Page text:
If there is ever a Hollywood film to be made about climate and energy legislation, the enactment of the Inflation Reduction Act (IRA) will provide as good of a script as there will ever be. Typically mundane, the passing of the largest climate bill in U.S. history featured many twists and turns, ups and downs, and grand finale speeches about saving the world. The process features the transformation of a climate villain, Senator Joe Manchin, who infamously shot the text of a cap-and-trade bill in a political ad in 2010, into an unlikely climate hero who resurrected the legislation that he killed just a few weeks ago. The bill’s authors employed clever branding – the Inflation Reduction Act – to make the bill more palatable to not only climate activists but also fiscal hawks and the public concerned with rising prices. The drama had been omnipresent until the very end – just when all the hope of the Democratic Party to deliver on a President Biden’s signature campaign promise was lost; a compromise struck between the villain-turned-hero and the Senate Majority Leader, Chuck Schumer saved the day.
One of the more challenging aspects of the net zero agenda is how to decarbonise heavy industry. Industries such as metals (including iron and steel), minerals, chemicals, food and drink, paper and pulp, ceramics, glass and oil refineries account for about 16% of UK territorial emissions, both from energy use and from carbon dioxide and other greenhouse gases produced directly from industrial processes, such as calcination in the production of cement. Industry is commonly seen as a ‘hard to abate’ sector of the economy. A lot of industry is also exposed to international competition, so unless there is support from government there is a risk that it will close down and relocate, rather than actually cut emissions.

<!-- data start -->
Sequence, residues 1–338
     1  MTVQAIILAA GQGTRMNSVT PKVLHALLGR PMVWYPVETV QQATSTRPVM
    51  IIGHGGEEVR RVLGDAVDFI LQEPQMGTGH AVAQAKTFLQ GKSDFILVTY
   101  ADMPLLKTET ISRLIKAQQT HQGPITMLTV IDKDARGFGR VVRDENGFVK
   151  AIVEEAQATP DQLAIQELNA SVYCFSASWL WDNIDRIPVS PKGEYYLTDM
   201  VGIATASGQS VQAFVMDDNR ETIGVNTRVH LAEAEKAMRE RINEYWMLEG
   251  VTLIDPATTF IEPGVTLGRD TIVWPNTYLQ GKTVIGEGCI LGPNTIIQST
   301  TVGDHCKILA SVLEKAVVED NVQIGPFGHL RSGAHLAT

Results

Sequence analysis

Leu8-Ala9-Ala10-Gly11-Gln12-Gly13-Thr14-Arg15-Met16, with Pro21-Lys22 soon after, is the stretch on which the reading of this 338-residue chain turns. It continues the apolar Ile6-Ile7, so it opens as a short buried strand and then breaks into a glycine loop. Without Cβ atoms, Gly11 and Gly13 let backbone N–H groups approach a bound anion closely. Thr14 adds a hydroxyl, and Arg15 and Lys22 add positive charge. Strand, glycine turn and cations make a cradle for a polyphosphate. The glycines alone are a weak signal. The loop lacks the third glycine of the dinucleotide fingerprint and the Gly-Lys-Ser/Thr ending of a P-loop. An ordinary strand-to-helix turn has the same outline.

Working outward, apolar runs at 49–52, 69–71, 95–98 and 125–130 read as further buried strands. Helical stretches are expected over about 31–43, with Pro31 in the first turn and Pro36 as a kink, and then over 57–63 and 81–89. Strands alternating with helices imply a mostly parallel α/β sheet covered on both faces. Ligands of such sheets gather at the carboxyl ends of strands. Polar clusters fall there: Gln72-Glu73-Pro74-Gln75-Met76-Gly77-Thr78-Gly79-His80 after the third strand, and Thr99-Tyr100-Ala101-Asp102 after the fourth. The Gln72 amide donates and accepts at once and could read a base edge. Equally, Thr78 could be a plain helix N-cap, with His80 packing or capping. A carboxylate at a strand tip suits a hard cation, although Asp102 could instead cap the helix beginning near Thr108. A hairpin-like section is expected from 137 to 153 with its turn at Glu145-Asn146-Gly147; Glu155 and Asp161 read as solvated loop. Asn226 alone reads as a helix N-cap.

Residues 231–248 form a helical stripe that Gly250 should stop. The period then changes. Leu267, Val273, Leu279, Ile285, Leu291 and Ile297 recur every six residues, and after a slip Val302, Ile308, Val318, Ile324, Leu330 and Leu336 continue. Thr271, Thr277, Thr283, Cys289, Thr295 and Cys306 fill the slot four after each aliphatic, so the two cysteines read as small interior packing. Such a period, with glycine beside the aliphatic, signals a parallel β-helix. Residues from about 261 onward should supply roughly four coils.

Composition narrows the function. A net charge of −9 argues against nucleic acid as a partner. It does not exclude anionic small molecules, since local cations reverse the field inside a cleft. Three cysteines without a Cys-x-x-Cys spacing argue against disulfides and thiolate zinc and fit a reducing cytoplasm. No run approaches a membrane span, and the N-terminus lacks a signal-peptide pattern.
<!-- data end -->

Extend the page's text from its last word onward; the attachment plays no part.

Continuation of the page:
What does today’s restructuring of government departments mean for climate policy? Badged as being about making government deliver, the Prime Minster announced a relatively major reorganisation, with the Department for Business, Energy and Industrial Strategy (BEIS) being broken up, a new Department for Energy Security and Net Zero being created and business going to international trade to form a new Business and Trade Department. Meanwhile the innovation parts of BEIS will be merged with digital in a new science, innovation and technology department.
Carbon Capture and Storage (CCS) is often promoted as a technology that will square circles. One of those circles, in the United Kingdom, is the political need to “level up” the industrial left-behind areas of the north (the so-called ‘red wall’ seats) while also pushing towards a “net zero” economy by 2050.